Do you know that the word DevOps was coined in 2009 by Patrick Debois, one of the early advocates of collaboration between the development and operations teams?
However, DevOps went mainstream in the early 2000s when the software development teams started adopting Agile development practices to streamline production and enhance the quality of the final shipped products.
These days, DevOps have become the central operational foundation of software development and maintenance operations. Similarly, software products have evolved into SaaS, where developers must deliver new features and capabilities to their global user base.
Modern DevOps uses cloud computing resources and services to streamline software development and delivery. That’s why understanding and applying the DevOps best practices is now essential to producing great software products.
This article will introduce the essential principles of DevOps and the best practices you should follow to improve your DevOps career.
Table Of Contents
- The Core Principles in DevOps
- The DevOps Ten Best Practices
- Base DevOps in Agile Practices
- Adopt Strict Version Control
- Continuous Monitoring and Logging
- Utilize Container Orchestration
- Employ Tools for SBOM Management
- Integrate Identity and Access Management (IAM)
- Gather (and Deliver) Continuous Feedback
- Move Towards Cloud-native DevOps
- Instill Organization-wide DevOps Culture
- Stay Rooted in Agile Methodology
The Core Principles in DevOps
Before discussing the DevOps best practices, we believe it’s important that you understand the core principles of DevOps. This background is important to assess the value of these best practices and their impact on improving the outcome of your organization’s DevOps processes.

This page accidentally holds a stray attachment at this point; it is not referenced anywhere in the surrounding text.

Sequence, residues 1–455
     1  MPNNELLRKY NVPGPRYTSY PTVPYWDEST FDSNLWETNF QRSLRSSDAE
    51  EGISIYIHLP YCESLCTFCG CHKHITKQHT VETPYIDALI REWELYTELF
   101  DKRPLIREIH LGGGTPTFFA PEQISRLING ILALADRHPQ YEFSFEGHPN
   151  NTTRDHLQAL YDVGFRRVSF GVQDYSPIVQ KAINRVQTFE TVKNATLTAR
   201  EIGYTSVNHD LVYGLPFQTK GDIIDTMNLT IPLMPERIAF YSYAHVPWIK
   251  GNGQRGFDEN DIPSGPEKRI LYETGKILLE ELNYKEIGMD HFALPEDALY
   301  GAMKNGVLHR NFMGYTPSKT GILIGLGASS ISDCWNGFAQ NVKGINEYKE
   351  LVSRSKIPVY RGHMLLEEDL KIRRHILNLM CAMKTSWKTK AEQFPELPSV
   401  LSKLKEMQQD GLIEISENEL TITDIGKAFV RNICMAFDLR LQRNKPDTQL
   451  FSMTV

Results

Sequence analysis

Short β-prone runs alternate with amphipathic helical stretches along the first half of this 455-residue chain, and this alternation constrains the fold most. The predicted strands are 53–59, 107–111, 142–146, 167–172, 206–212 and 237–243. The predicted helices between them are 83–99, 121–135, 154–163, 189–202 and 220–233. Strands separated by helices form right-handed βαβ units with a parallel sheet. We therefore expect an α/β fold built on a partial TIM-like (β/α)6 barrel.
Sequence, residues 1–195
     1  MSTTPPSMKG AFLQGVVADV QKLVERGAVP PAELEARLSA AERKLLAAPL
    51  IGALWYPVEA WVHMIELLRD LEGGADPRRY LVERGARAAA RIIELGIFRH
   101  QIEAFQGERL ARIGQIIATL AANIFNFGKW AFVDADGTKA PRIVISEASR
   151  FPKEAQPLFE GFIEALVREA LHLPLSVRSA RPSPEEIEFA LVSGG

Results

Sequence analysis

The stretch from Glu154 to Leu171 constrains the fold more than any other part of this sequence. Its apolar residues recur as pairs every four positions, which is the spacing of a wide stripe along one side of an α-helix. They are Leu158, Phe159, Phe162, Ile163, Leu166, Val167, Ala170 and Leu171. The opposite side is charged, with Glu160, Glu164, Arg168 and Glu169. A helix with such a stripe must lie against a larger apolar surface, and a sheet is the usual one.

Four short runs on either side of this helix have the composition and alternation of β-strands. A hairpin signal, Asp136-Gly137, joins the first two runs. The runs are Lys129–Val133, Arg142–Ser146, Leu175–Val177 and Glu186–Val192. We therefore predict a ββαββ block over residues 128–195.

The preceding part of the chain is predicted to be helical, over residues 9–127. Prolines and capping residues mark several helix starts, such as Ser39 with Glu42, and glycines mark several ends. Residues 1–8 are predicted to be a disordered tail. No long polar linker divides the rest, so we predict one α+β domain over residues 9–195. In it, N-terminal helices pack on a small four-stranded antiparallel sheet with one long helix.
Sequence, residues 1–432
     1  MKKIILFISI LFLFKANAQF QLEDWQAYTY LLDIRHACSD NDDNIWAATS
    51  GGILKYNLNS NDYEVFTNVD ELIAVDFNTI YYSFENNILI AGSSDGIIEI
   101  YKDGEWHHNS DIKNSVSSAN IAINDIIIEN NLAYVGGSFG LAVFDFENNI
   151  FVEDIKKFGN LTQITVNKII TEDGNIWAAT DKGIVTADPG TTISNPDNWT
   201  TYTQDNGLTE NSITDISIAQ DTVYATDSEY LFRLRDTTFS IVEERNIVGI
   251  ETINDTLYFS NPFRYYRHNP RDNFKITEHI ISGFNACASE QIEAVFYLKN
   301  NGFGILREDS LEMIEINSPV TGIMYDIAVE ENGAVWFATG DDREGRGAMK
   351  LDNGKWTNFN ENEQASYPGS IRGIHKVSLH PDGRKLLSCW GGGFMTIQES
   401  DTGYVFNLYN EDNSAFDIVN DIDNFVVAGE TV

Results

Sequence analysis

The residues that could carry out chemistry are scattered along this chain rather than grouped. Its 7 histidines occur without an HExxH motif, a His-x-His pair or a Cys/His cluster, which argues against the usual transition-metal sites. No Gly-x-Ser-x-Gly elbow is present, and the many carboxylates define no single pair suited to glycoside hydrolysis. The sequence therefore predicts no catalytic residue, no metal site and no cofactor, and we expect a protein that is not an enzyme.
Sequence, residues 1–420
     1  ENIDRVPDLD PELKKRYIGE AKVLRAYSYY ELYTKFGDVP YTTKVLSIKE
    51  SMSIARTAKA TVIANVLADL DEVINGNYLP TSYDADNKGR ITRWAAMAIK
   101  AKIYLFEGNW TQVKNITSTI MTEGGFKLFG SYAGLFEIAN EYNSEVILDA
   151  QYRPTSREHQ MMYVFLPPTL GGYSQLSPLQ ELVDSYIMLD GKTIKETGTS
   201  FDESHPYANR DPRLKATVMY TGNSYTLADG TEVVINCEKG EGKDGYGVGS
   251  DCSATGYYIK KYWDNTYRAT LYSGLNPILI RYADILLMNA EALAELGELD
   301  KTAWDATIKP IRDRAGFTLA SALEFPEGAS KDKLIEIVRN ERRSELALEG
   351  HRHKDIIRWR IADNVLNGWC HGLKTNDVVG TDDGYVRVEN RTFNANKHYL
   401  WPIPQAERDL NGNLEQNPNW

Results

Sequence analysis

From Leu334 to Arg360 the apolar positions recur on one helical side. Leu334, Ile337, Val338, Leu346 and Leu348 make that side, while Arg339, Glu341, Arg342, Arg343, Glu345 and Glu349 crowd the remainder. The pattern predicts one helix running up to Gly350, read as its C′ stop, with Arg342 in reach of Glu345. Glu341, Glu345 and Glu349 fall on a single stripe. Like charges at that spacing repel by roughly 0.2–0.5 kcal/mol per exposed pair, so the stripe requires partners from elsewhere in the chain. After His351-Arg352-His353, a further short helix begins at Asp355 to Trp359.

Collaboration and Communication
Collaboration is DevOps’ central tenet. The development and operations teams collaborate to form a cohesive unit where both teams interact in depth, with two-way feedback during the entire development and deployment cycle.
As a result, the development and operations teams are combined to form a single unit that handles all phases of the application lifecycle. This DevOps team guarantees high-quality deliverables for all aspects of the product. The methodology encourages a “full stack” development environment in which the DevOps teams are responsible for the backend, frontend, and delivery.
Automation and Infrastructure as Code
Automating as much of the software development lifecycle as feasible is a crucial DevOps principle. The idea is to free up critical resources and developer-hours so the team can dedicate more effort to writing better code and creating new features.
For instance, an automated CI/CD pipeline component lowers human error rates and speeds up team output. Teams may achieve continuous improvement using automated processes and fast iterations, which enables them to react swiftly to client feedback.
Continuous Integration (CI)
The practice of automating the process of merging code changes from various contributors into a single software update is known as continuous integration (CI). This fundamental DevOps principle enables developers to regularly merge code changes into a single repository, after which builds and tests are executed.
Before integration, the new code is checked for correctness using automated tools. This ensures that the DevOps team can maintain the quality of the product/update across the release cycles without any conflicts that could affect user experience.
The core component of the CI process is a source code version control system. Additional components, such as automated tests for the quality of the code and tools for reviewing the syntax and style, can be added to the version control system.